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First off today, members of the band The Velvet Underground have sued the Any Warhol Foundation claiming that they have illegally used a banana design on various commercial products without the band’s permission. The image, which was originally created by Warhol himself for the group, became a symbol of The Velvet Underground after the band used it on their first album in 1967. According to the band, the image doesn’t have copyright protection because neither Warhol nor anyone involved with the work sought to copyright it (a requirement before 1978) and now it is commonly associated with the band rather than Warhol. As such, they accuse foundation, which was created after Warhol’s death in 1987, of using the image to artificially imply the band’s approval of the products it’s placed on. The band is seeking a declaration that the foundation has no copyright interest in the logo and an injunction against its use.
Next up today, the EMI (along with, according to some reports, the other three major record labels) has filed suit against the State of Ireland over alleged foot-dragging in crafting a statutory system for dealing with alleged file sharers. According to the filing, the government has, for some time, been promising a “three strikes” system for dealing with suspected file sharers but has failed to produce as much as a draft. According to EMI, such a system is a requirement of EU law and the delay in implementation has cost the industry significant amounts of money in the country. The Irish government, on the other hand, has promised to release its proposal later this month.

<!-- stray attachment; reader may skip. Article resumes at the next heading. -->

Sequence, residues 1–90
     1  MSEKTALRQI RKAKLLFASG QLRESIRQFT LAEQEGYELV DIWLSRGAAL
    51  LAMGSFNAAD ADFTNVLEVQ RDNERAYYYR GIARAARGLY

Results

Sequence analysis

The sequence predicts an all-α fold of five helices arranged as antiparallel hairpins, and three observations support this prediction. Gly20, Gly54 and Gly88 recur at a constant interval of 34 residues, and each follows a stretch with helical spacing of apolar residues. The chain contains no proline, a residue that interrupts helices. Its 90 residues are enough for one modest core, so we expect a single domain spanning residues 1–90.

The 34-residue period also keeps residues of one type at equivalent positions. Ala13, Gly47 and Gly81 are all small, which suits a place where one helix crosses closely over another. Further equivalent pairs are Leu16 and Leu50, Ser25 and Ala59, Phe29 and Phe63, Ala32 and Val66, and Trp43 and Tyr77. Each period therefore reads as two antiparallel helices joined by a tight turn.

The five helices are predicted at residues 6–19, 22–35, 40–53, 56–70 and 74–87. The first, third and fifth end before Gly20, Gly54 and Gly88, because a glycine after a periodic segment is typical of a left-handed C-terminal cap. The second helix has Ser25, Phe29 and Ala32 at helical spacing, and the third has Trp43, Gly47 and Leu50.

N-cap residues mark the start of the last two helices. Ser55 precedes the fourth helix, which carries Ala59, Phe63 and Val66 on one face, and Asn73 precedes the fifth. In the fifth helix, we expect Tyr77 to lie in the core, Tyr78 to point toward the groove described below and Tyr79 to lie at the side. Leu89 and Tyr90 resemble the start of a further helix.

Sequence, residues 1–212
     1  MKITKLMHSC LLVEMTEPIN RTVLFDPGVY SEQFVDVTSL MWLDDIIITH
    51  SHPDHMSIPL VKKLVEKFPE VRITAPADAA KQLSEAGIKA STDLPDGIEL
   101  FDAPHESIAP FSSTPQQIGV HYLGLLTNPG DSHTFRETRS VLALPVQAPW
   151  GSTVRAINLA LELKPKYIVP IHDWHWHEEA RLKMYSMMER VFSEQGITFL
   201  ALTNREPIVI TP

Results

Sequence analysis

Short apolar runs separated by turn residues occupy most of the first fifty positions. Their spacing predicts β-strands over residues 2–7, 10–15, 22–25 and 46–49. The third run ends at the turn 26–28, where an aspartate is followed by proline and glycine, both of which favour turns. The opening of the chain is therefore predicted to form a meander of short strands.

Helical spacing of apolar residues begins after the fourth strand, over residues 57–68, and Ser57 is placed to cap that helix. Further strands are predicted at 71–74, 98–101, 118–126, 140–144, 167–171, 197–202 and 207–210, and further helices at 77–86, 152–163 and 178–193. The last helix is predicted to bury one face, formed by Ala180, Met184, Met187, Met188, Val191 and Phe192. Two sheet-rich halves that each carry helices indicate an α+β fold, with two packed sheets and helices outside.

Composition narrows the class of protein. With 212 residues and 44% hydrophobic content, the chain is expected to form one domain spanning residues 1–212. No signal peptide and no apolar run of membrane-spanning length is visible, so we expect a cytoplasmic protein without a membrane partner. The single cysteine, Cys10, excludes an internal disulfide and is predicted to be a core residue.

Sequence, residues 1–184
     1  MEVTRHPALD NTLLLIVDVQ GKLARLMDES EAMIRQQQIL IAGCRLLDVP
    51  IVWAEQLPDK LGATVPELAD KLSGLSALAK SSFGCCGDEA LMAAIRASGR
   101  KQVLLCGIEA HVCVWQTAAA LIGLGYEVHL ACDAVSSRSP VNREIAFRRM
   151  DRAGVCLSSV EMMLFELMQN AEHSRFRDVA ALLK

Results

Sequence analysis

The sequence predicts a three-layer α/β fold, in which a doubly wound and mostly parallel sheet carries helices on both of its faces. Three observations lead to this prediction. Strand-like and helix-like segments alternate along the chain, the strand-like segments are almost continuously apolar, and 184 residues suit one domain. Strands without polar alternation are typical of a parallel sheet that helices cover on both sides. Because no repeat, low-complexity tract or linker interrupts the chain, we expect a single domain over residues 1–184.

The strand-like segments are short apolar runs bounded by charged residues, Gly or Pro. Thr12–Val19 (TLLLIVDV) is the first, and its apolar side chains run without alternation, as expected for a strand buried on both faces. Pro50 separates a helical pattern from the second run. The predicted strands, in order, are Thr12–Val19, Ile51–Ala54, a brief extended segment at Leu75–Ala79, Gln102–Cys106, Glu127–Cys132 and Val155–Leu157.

Finally today, the University of Minnesota has filed suit against New Zealand-based website operator Andrew Dobson over his creation of a “cheat sheet” designed to help people obtain a desirable score on a psychological test created by the university. The test, known as the MMRI, is a 500-question long test used to diagnose mental disorders and is commonly a part of psychiatric evaluations. Dobson allegedly posted copies of the test along with a guide for “normalizing” your score on it. However, doctors fear that pre-exposure to the test can skew the results, even without attempts to deceive it.
That’s it for the three count today. We will be back tomorrow with three more copyright links. If you have a link that you want to suggest a link for the column or have any proposals to make it better. Feel free to leave a comment or send me an email. I hope to hear from you.
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